EPA regs under fire as debate begins

Senate Republicans today launched an assault over EPA's climate rules as debate got under way on Murkowski's measure, while a new poll signaled broad public support for federal efforts to curb greenhouse gases.

"The sweeping powers being pursued by the EPA are the worst possible option for reducing greenhouse gas emissions," Murkowski said today. She and other Senate Republicans today decried EPA's greenhouse gas rules, which are slated to kick in next January.

"This approach should have been taken off the table long ago," Murkowski said. "And yet, because the EPA is determined to move forward aggressively -- and because neither Congress nor the administration has acted to stop them -- it is now in the process of becoming our nation's de facto climate policy."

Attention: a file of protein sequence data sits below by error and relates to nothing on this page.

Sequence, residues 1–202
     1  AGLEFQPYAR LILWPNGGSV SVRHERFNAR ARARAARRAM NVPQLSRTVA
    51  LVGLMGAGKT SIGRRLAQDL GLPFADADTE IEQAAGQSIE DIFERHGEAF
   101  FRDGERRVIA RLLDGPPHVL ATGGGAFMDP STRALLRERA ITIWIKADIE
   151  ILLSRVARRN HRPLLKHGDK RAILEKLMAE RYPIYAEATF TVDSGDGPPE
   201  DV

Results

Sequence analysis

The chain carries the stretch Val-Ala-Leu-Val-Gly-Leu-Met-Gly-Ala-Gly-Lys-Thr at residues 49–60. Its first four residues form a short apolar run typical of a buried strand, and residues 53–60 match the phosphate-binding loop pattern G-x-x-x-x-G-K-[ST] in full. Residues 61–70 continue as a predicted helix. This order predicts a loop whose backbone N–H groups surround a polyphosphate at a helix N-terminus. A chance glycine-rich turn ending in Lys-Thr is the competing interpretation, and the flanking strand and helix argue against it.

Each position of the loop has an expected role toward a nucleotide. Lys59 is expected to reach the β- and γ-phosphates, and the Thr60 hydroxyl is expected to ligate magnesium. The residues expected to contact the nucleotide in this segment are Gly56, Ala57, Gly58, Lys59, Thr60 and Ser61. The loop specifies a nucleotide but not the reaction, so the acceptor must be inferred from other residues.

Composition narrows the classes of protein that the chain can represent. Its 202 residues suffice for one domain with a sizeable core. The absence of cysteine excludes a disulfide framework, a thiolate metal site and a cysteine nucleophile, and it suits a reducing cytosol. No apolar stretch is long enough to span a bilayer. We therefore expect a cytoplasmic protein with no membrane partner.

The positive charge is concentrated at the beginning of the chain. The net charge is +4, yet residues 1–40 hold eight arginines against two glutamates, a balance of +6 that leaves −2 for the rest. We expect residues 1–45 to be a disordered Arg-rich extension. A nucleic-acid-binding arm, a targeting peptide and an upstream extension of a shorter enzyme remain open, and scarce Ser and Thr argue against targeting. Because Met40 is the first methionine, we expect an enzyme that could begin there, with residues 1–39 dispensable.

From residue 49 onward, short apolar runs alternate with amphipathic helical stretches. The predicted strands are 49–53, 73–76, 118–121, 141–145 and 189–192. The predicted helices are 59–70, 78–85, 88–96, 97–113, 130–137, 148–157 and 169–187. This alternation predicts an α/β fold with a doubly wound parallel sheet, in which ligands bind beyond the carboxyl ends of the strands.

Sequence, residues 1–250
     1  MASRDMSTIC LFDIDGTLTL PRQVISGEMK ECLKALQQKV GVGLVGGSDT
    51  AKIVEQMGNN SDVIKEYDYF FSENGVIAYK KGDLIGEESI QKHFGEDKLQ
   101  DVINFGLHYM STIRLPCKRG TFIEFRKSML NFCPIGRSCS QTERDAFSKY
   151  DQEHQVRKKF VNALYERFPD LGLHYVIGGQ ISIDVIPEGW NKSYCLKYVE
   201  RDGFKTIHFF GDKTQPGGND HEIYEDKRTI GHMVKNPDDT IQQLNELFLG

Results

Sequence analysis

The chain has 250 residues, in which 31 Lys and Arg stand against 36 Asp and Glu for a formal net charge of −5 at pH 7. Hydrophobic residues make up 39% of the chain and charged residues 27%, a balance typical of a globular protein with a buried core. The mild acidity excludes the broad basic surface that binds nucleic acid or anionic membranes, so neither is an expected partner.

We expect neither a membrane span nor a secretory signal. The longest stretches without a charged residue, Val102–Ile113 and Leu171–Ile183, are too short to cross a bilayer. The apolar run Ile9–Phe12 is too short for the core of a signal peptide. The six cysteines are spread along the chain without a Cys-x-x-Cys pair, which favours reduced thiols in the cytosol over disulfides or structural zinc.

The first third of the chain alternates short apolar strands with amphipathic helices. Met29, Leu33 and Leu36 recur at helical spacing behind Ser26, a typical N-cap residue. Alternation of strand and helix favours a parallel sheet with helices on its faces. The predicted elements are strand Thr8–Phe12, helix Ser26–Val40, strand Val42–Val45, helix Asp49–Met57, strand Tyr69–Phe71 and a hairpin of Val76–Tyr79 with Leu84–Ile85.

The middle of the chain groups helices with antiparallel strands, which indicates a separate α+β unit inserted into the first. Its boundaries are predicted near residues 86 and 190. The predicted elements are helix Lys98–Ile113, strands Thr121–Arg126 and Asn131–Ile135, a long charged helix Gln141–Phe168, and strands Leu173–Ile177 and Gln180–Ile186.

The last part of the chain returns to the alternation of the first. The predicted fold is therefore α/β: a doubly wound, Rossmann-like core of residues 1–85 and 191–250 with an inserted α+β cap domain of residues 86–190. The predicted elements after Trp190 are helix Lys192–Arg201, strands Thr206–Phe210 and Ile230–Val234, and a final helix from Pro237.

Meanwhile, a new Washington Post-ABC News poll shows most Americans support EPA rules to curb greenhouse gas emissions.

Of those surveyed, 71 percent said they think the federal government should regulate the heat-trapping emissions from sources like power plants, cars and factories in an effort to reduce global warming. Most Democrats and independents said they strongly favor new controls, and 55 percent of Republicans said they would favor such rules.

Still, Murkowski and her supporters insist that greenhouse gas regulations under the Clean Air Act will impose overwhelming costs and regulatory burdens across the country.

"Imposing new taxes and mandates in the United States will hurt our already struggling economy," said Sen. George Voinovich (R-Ohio). "We must address this issue through targeted policies that incentivize multinational collaboration on the development and deployment of clean energy technologies."